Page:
Volunteers help bury the dead with dignity

ROCHESTER — Ken and Dorothy Siegel attended a burial at Oatka Cemetery last year as part of an effort to accompany people who have died and would otherwise be buried alone.

But that day, they found a friend in the deceased’s wife, whom they had not realized would be there, said Ken Siegel. Two months later, not being able to recover from the death of her husband of 66 years, she passed away, he said. But the Siegels cherished their short time with her and were proud to be present at her burial as well. The couple, originally from Germany, never had children, the Siegels said.

"It was such a spiritual privilege to be there," said Dorothy Siegel. "We’re so grateful."

The Siegels spoke of their experience during a memorial Mass for 25 area residents "whom we do not want forgotten" that was held Feb. 10 at St. Ambrose Church, which is part of Peace of Christ Parish. The church’s altar was decorated with 25 candles and 25 white roses.

Most of the deceased whose names were read aloud during the service were buried at Oatka Cemetery, said Sister of St. Joseph Beth LeValley, a member of the Greater Rochester Community of Churches’ Faith in Action Network, which coordinated the service and has been present at most of the burials.

The network’s accompaniment effort began early last year following news coverage of Sally Green’s burial at Oatka Cemetery without her family being notified, explained Sister LeValley. She realized something more needed to be done for the people who had no family or few friends.

"A few of the people have someone who knew them," added Sister LeValley. "But most of the stories are lost."

Once the group of volunteers began gathering at grave sites, Sister LeValley explained that funeral directors told her that they had been burying residents alone — some in cardboard boxes — for years.

"We in the faith community didn’t know that," she said.

While the Bartolomeo & Perotto Funeral Home has always used wooden boxes with fabric covering — known as grey doeskin caskets — for the burials of those without family or friends, funeral director Joe Bianchi said the interfaith efforts to raise awareness of these burials has helped in several ways.

Area funeral homes will publish death notices, a policy his company did have in place, but also will wait 48 hours before scheduling a burial, Bianchi explained. Most of the burials are at Oatka but some are at Riverside Cemetery, he said.

"This is the new standard," Bianchi said.

The efforts by the volunteers have transformed these burials, which usually were just attended by his staff and Monroe County and cemetery personnel, Bianchi noted.

"It’s been fantastic," he said. "And it’s been a very interesting mix of people who have been coming."

Besides offering their presence, the volunteers at the grave site gatherings realized that this desolate area of the Oatka Cemetery needed landscaping and permanent memorials, added Sister LeValley, as a way to further honor the deceased.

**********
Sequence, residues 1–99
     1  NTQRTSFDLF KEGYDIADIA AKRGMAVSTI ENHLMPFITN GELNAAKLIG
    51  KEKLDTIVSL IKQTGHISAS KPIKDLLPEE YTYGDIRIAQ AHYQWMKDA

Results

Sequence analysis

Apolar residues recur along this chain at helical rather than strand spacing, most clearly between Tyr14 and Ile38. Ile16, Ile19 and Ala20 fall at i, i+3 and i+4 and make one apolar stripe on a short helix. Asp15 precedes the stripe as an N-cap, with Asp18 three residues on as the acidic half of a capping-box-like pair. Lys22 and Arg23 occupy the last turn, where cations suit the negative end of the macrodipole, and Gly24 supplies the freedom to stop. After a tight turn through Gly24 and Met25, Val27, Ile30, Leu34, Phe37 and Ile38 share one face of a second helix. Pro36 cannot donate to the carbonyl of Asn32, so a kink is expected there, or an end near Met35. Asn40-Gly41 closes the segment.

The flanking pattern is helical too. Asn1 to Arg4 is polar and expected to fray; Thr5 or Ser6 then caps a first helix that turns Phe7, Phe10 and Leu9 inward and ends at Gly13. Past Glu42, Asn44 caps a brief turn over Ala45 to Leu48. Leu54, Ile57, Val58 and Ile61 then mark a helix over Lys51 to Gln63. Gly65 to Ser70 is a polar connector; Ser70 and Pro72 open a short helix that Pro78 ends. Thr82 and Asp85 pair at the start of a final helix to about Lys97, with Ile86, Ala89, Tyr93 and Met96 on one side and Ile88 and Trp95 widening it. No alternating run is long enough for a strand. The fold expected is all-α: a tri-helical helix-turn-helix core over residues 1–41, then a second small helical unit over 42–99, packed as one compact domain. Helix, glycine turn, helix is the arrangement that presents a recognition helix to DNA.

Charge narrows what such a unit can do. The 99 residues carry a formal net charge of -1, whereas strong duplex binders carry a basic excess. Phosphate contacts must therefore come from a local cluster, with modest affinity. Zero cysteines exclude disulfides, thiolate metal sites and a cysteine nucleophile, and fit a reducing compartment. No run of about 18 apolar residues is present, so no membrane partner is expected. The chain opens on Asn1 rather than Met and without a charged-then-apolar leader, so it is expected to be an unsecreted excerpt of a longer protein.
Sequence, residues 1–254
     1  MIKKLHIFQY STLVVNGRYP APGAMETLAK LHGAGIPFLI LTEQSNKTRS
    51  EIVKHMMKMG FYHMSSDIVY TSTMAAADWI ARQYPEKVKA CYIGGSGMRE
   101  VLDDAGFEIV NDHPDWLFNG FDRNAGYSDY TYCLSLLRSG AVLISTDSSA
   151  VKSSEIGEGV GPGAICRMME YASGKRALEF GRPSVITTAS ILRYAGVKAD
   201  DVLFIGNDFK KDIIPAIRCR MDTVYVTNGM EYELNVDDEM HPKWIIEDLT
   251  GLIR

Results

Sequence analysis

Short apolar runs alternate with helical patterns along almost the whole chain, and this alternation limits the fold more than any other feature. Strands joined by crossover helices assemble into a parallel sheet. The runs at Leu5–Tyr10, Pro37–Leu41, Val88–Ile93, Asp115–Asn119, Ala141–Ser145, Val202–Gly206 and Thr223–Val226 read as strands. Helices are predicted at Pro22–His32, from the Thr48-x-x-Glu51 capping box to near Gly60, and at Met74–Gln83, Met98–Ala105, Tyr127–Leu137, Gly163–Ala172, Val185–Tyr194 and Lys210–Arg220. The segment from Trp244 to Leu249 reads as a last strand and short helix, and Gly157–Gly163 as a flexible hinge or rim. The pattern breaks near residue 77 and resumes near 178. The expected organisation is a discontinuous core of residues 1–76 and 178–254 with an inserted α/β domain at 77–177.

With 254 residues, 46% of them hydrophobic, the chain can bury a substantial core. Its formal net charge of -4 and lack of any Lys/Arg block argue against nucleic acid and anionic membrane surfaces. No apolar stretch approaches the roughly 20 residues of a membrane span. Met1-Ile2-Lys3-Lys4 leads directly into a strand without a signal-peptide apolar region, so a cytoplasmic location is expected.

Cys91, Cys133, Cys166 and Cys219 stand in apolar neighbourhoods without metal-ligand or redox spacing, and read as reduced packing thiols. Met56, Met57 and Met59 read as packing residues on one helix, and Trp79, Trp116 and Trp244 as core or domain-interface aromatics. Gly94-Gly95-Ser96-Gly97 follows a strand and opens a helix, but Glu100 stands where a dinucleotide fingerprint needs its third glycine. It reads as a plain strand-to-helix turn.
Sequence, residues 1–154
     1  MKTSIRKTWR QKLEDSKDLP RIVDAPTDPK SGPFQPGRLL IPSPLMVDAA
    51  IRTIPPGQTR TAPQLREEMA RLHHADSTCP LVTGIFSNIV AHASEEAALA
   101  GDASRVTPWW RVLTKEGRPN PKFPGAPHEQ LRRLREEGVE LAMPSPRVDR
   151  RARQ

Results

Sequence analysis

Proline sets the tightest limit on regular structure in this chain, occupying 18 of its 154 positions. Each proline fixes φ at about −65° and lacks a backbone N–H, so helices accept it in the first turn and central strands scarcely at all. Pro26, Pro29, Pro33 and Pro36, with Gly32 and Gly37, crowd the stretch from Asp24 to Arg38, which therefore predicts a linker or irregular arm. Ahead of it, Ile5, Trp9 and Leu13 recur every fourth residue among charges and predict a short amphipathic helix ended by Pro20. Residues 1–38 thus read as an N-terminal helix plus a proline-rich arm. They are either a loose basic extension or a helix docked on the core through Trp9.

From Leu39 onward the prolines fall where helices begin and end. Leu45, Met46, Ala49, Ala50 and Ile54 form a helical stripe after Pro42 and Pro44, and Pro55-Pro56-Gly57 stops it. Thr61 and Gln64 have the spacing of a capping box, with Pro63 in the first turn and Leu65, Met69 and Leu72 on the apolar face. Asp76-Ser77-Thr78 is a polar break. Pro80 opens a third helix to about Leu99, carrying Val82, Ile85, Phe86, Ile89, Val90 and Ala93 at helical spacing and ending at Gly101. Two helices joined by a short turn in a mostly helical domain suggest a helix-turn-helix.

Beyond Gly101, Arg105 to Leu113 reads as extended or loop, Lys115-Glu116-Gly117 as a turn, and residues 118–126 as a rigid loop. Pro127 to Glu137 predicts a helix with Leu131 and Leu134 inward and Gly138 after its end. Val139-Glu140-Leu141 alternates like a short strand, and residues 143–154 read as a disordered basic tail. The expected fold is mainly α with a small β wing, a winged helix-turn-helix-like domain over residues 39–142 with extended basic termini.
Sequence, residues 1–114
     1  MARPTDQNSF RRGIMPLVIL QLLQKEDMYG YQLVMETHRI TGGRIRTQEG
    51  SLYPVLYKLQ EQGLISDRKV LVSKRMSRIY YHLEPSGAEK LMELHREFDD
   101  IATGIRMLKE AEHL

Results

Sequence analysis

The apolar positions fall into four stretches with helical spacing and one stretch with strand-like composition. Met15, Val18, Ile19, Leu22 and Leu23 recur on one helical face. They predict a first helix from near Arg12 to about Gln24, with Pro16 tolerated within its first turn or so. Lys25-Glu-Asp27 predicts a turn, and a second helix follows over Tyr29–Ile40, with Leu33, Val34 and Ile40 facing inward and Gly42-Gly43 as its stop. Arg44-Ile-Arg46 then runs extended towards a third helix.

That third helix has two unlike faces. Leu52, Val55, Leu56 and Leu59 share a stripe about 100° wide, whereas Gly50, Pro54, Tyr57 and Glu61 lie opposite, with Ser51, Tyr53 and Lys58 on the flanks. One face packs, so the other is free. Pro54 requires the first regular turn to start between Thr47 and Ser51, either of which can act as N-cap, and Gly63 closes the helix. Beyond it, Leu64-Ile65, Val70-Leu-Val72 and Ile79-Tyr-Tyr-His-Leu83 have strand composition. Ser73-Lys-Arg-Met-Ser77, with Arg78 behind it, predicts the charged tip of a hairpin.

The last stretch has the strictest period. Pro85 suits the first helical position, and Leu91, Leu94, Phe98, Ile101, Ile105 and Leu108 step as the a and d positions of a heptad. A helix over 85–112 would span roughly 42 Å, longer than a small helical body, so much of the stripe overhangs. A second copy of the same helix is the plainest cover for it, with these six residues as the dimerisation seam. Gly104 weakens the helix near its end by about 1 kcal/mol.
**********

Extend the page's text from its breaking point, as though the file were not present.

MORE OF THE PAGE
A group of area Eagle Scouts stepped up and are developing service projects to plant bushes and trees in the spring, she said. They also will work on a traveling memorial that can be taken to events or meetings "to remember these people," she added.

To be present for people wherever they are in life is why Vince Pulese said he joined the group.

"I never want people to be alone whether they are well or in ill health or whether they have passed," said Pulese, who has attended several burials. "It’s one thing to live alone but (another) to die alone and be buried alone. You want people to know they have value regardless of whatever happened in their lives. (Their lives) still have purpose and meaning."

Kristin Catalano, director of Isaiah House, who also was at the forefront of raising community awareness of the burials at Oakta Cemetery, said that she was heartened recently to see flowers at the grave site of a burial she attended.

"That says something about this community … that we love enough to make a difference," she said. "God is working through these people. God is always there and we’re never alone."

And God was making the connections to bring together community leaders like Catalano, Sister LeValley and himself to be a presence for these souls, said the Rev. Lawrence Hargrave, pastor of outreach ministries for Asbury First United Methodist Church.

"Kristin and Sister Beth were used by God in that good news," he said.

Once he joined forces with Sister LeValley, he volunteered to be a minister at the burials. One he officiated at Holy Sepulchre Cemetery was for a veteran, which was a special moment for Sister LeValley and himself. With no family to present the folded flag to, the military honor guard present at the burial gave it to her, she said. She had tears in her eyes as the funeral director played "Taps."

"With all of my understanding of how God works, what we have gathered here is more than many of these (deceased) ever expected or anticipated," noted the Rev. Hargrave. "Sometimes, all we have to do is stop and watch how God works."

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